California’s existing farm contractor bond law required financial securities based on the contractor’s payroll. The enacted changes still use this as a benchmark, but revise what the bonds are conditioned upon.
The bonds are conditioned upon following employment law pertinent to farm contracting and on payment for lack of compliance with those applicable laws. The new amendment means that farm contractors must now abide by state laws on harassment, federal laws regarding the Civil Rights Act of 1964, and payment of reparations for failure to comply with these laws.
The surety bond amounts are determined by a farm contractor’s payroll. Contractors with payrolls valued at more than two million dollars will be required to carry a bond of $75,000. Payrolls ranging from $500,000 to two million dollars mean you need to carry a bond of $50,000. Lastly, a contractor bond of $25,000 will be needed for payrolls of less than $500,000.
In addition to the changes to bond conditions, the rules for acquiring a license were also amended in a few ways, including the following:
Any contractor who has been the subject of a final judgement in the amount of the total bond amount or greater than the total bond amount in a year will be required to deposit an additional bond within 60 days.
Check out the full revised Farm Labor Contractors Bill for more details.
Have thoughts on these revisions or on farm labor contractor license bonds? Share them with us below.]]>
Date Enacted: September 20, 2014
Date Effective: January 1, 2015
California’s bill SB 477 addresses exploitation of non-American workers. The law will require foreign labor contractors who recruit foreign laborers to California-based positions to register with the Labor Commission. It’s already necessary for many contractors to get bonded and insured, and a new bond will now be required of any contractor dealing with foreign labor and foreign labor recruitment.
Read more about this and other updates to the law below.
The California bill requires all foreign labor contractors to register by July 1st, 2016 and obtain a bond, whose amount is based on the annual gross income receipts . The contracting bond required for receipts valued at greater than two million dollars is in the amount of $150,000. For receipts of $500,000 to two million dollars, the bill mandates a bond of $100,000. Lastly, for receipts of up to $500,000, a bond of $50,000 is dictated by the rule.
When a contractor has had a final judgement in one year equal to that of the bond required, the contractor has 60 days to deposit an additional bond to fulfil the obligation set forth by the state of California. The bond may be used to pay for legal violations as well as for interest on wages and damages or monetary assistance to foreign workers affected by violations.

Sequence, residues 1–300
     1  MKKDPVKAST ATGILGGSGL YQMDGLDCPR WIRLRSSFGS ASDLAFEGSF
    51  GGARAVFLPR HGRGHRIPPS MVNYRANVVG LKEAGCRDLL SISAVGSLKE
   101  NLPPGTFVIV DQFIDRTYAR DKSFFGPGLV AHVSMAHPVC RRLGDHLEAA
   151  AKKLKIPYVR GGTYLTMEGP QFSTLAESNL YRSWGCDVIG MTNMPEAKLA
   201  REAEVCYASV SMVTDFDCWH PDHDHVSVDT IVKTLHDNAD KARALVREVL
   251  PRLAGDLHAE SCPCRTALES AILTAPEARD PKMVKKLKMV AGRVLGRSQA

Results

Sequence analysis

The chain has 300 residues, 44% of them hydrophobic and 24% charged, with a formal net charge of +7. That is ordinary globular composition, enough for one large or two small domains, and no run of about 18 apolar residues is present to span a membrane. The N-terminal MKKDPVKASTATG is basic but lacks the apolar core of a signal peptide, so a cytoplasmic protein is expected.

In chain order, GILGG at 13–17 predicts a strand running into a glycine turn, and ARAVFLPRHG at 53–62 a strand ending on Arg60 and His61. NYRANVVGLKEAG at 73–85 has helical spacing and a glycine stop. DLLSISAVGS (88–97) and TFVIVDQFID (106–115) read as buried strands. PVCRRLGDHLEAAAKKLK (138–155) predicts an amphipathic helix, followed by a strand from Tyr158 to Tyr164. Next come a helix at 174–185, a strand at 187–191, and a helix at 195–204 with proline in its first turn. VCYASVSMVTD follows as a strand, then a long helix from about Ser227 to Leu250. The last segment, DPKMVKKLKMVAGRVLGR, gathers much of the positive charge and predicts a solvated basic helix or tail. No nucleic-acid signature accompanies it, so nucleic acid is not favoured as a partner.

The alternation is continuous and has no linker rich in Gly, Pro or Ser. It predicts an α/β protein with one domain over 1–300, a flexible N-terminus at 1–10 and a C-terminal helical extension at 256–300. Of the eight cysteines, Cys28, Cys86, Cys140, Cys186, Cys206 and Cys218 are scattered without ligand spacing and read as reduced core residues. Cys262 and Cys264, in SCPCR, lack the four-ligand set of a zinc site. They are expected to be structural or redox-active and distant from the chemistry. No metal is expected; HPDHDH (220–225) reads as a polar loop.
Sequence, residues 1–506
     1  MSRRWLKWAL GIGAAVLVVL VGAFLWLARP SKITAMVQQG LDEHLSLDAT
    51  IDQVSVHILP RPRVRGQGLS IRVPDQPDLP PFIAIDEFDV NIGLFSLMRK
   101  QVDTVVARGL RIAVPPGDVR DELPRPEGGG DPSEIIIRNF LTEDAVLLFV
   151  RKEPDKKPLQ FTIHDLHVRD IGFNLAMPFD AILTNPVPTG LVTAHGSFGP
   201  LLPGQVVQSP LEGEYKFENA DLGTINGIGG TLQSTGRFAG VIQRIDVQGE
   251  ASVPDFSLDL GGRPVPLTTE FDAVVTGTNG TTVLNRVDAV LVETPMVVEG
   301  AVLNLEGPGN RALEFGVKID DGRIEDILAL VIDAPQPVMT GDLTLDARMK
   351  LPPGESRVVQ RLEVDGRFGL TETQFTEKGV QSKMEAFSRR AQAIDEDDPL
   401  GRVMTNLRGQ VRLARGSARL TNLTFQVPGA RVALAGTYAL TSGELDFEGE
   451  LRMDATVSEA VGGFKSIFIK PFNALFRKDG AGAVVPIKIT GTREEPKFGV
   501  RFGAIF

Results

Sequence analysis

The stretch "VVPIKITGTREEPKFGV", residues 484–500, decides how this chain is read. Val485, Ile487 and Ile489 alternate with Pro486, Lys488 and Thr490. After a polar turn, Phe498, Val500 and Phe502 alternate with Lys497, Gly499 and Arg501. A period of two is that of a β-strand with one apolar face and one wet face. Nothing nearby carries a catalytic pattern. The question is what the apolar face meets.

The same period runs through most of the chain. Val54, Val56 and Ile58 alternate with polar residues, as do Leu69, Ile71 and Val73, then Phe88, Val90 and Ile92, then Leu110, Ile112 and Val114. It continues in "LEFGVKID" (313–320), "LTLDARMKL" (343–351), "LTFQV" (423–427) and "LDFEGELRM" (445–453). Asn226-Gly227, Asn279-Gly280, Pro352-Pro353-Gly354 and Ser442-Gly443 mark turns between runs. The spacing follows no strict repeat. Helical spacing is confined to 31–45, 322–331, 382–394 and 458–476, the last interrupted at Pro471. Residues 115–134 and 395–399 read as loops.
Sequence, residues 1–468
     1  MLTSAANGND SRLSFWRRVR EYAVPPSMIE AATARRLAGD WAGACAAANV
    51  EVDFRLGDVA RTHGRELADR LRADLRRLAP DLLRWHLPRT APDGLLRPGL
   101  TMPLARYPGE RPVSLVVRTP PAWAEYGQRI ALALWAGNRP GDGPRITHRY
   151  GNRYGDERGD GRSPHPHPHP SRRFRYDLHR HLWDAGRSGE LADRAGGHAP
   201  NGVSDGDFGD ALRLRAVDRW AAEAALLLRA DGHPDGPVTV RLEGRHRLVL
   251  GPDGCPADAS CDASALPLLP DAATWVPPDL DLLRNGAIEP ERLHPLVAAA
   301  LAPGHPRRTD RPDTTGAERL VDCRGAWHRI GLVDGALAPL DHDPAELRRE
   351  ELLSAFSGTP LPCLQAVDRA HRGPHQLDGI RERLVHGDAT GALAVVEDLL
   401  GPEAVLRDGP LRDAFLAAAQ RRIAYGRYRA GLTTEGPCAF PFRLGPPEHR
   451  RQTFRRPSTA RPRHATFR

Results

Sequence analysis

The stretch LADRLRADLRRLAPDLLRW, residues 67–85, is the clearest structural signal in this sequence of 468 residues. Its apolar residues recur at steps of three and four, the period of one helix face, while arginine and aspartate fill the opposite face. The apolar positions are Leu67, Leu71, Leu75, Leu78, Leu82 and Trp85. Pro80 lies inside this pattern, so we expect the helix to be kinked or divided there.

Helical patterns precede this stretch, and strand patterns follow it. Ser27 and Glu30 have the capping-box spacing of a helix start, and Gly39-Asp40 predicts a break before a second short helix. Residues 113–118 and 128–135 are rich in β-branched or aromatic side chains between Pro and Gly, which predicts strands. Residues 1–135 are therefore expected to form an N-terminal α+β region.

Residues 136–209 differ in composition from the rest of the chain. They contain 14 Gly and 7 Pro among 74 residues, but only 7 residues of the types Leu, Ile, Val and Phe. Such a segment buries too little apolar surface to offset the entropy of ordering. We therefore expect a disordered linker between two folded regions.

SB 477 prohibits discrimination, intimidation, restraint, coercion and discharge of a foreign worker or the family of a foreign worker in retaliation for exercising the rights given by the bills. The penalty for violation of these rights can be any amount up to $25,000, but no less than $1,000. Additionally, the foreign worker who has been exploited may bring action against the labor contractor.
The law stipulates that foreign labor recruiters can’t charge foreign laborers any fees for visas, processing, placement, transportation or otherwise. The labor recruiter may choose to pay these fees, but cannot pass these fees on to the worker. The only fees that may be charged are ones that are customarily paid by any United States citizen employed in the United States.
Check out the full California Foreign Labor Recruitment Bill for more details.
What are your thoughts on the new foreign labor law in California? Share them with us below.
Date Enacted: April 23, 2014
Date Effective: April 23, 2014
Wisconsin AB 262 is a revision to a past bill regarding motor vehicle dealer bonds. The amendment increases the expected auto dealer bond as well as the bonding amount for Department of Transportation (DOT) title and registration processing contractors. Bonding amounts for subcontractors of DOT contractors are also affected.
If you fall into any of these categories, there are some changes to the bonding laws you must abide by. Keep reading for vital information on how the bill’s revisions may affect you.
AB 262 amends the bond coverage for motor vehicle dealers by increasing the motor vehicle dealer bond amount from $25,000 to $50,000. This law also affects used car dealer bonds, so if you own a used car dealership this change applies to you as well.
The good news is that if you sell motorcycles only, your motor vehicle bond needs to be just $5,000.
Letters of credit in the same amounts as bonds will also be accepted, and need to be in the name of the DOT.
The changes to this bill also affect Department of Transportation (DOT) title and processing service contractors. The DOT is allowed to contract with whomever they see fit to perform these services. The program these contractors work under is called the automated processing partnership system (APPS) program.
The contracted individuals are still held to the existing requisite bond of $10,000 for applications to process registration renewal transactions and $25,000 for applicants for processing of titles and original registration transactions.
The updated bill modifies existing rules by indicating that if the applicant is also a subcontractor of the DOT’s motor vehicle emission inspection and maintenance program (I/M program), and the I/M contractor has more than 100 subcontractors applying as agents, then the I/M contractor can provide the letter of credit or surety bond for these applicants. The bond or credit amount for each of these subcontractors is $2,000.
Changes of address may now be filed by any electronic means the department allows, in addition to the formerly accepted phone and mail notifications. As before, a person must notify the department within 30 days of a change in their principal business address.
Past rules required vehicles weighing 8,000 pounds or more to stop at open weigh stations and when requested, allow the truck and its haul to be weighed, inspected and/or measured. Changes to the existing law revise the weight to 10,000 pounds.
Wisconsin’s AB 262 affected the above noted changes, but also created many administrative amendments. These amendments address items such as wording regarding fees and specifications of administrative codes.
Check out the full revised Wisconsin Auto Dealer Bond Act for more details.
What are your thoughts about the revisions? Share them with us below.]]>